June 9, 2009

Tuesday Tips: 5 Ways to Be a Better Networker

I’ve written a lot about how to network from the perspective of the job seeker.

Today, I’m going to look at the other side of the equation — how to be a good networking resource for those who are looking for a job.

If you are currently employed, odds are you have been receiving your fair share of phone calls and emails asking for help. But even if you are blessed with a good job, can you help everyone? Should you? And what’s the best way to help job seekers without spending your whole day on it?

Here are five tips to help you help the people in your professional network — without it becoming a full-time job.

1. Keep karma in mind
You may be busy with your own work deadlines, or perhaps you’re just not in the mood to field another call that doesn’t further your company’s bottom line, but you should. Why? Karma. By being helpful today, you are building up good favor for tomorrow. And who knows when you might need a little help of your own.

2. Keep it short
Some calls for help warrant an in-person meeting. But many of them can be handled over the phone — especially if you don’t know the individual personally. Schedule a phone meeting with a clear start and end time, so you can get back to work quickly.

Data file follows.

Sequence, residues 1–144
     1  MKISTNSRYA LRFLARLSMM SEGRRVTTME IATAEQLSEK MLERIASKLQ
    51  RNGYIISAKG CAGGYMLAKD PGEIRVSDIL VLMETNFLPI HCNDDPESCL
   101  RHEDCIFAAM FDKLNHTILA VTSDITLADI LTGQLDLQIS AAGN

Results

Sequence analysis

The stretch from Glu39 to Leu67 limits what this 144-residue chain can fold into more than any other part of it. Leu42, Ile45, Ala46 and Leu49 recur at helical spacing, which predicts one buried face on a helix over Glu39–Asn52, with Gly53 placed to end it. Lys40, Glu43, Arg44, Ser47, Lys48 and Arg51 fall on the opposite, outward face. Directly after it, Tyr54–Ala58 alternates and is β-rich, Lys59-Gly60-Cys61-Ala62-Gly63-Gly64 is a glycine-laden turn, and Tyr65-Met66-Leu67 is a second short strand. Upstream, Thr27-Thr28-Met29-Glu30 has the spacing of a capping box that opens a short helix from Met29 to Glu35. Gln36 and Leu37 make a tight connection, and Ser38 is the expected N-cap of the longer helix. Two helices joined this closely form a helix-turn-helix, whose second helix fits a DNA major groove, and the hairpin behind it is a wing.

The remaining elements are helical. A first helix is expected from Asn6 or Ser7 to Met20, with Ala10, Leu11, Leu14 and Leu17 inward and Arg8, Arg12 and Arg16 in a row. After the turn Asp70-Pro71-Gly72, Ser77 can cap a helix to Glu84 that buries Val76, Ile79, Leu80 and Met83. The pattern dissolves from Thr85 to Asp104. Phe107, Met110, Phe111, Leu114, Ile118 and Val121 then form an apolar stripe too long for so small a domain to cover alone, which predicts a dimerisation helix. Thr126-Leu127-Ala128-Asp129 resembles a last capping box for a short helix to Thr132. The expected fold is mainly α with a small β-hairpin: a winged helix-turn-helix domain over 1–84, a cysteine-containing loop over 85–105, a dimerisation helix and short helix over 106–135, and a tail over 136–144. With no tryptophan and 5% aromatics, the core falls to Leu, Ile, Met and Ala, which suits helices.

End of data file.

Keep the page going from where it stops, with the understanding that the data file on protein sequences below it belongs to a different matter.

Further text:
3. Get to know the person
If you get a call from someone you don’t know personally, take a few minutes — whether in person or on the phone — to get to know them. Especially if you plan to refer them on to someone else for a possible job interview. After all, if they bumble the interview, you will look foolish, too.

4. Be prepared
If you find yourself fielding numerous calls for help, you may want to put together a packet of industry-specific resources. Even a list of the websites of relevant professional associations or the contact information for your field’s #1 head hunter could be a huge help to a young job seeker.

5. Remember the golden rule
Even if you can’t help the person on the other end of the line, your courteousness and kindness can still go along way. Gently let the person know that you can’t be of assistance at this time and be willing to accept a copy of their resume.

Do you have people coming to you for advice about their job search? What’s the best way you have helped someone recently?

Sign up for our newsletter!